Despite his success, Porter was concealing a dark secret from his wife. After 17 years of married life, Porter confessed to his wife that despite loving her deeply he was a homosexual.

Lucy Porter decided to stand by her husband, but this confession perhaps explains the scandal that clouded his departure from Harvard in 1929, where rumors persisted of Porter sexually harassing his students.

Porter like his father before him suffered from bouts of depression and his wife decided that a move to Ireland would help her husband recover. As 1929 drew to a close the couple purchased Glenveagh Castle and the estate for £5,000. Porter turned his eye to Celtic art and Irish archaeology. He became friends with the Irish writer and artist George William Russell whose paintings still hang on Glenveagh’s walls.

He also restored a fisherman's cottage on Inishboffin Island (Inish Bó Finne in Irish), which is located 3km from Machaire Rabhartaigh (Magheroarty) on the County Donegal coast. It was here that Porter also learned the Irish language.

However, Porters' Irish idyll began to unravel as his depression again began to take hold.

His wife arranged for Porter to see Dr Havelock, an unorthodox psychotherapist and sexologist in London. The Doctor believed that Porter's repressed sexuality was the cause of his depression.

He recommended that Porter give in to his desires with a young homosexual patient of his called Alan Campbell.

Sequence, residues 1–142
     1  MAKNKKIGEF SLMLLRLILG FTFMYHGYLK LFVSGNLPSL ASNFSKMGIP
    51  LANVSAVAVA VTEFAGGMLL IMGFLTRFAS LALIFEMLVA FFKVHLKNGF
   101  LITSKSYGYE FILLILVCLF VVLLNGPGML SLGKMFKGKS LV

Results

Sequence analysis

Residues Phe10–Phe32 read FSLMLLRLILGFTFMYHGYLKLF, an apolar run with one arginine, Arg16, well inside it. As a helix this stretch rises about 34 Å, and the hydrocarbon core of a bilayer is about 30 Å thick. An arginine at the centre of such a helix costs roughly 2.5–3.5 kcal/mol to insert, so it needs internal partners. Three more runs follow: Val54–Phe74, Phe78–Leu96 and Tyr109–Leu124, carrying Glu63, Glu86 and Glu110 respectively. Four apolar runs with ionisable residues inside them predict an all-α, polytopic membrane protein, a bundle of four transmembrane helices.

The bizarre situation took an even stranger twist when Porter's wife Lucy agreed with the Dr and young Campbell became a regular visitor to Glenveagh Castle and to Porter's American home in Connecticut.

This strange relationship could not be sustained for long and when all three set sail for Ireland on May 27th, 1933, Campbell ended the relationship and traveled onto London instead. Porter now relapsed into a deep depression.

Eleven days later, while spending a night at the fisherman’s hut that he built on Inishbofin, Porter went out walking during a storm and was never seen again.

The inquest held that September was the first in the short history of the state to be held without a body.

During the inquest, Porters widow detailed her frantic but futile six-hour search for her husband.

Lucy Porter gave evidence that she believed her husband must have slipped off the cliffs, fallen into the sea and been carried away.

It was also recorded that the next day she had told the author George William Russell that:

"Kingsley will not return tonight, Kingsley will never return."

The inquest was also told that one small boat had left the island that morning.

The inquest returned a verdict of death by misadventure, though privately the coroner voiced his opinion that Lucy knew more than she said in court. And that she acted as if her husband’s disappearance was not unexpected.

The inquest did not discuss Porter's homosexual love affair that had ended just before his disappearance.

As for Lucy, she returned to Glenveagh and funded research to study the "nature, cause and treatment of homosexuality". She also continued Porter's archaeological studies.

The story of Arthur Kingsley Porter did not end with his inquest. A few years later, there were reported sightings of Porter in Europe and these continued to be reported from locations all over the world for many years after his disappearance.

Perhaps he died on Inishboffin or had he faked it all to leave North West Donegal behind to live the life he always wanted to experience in Europe?

We shall never know.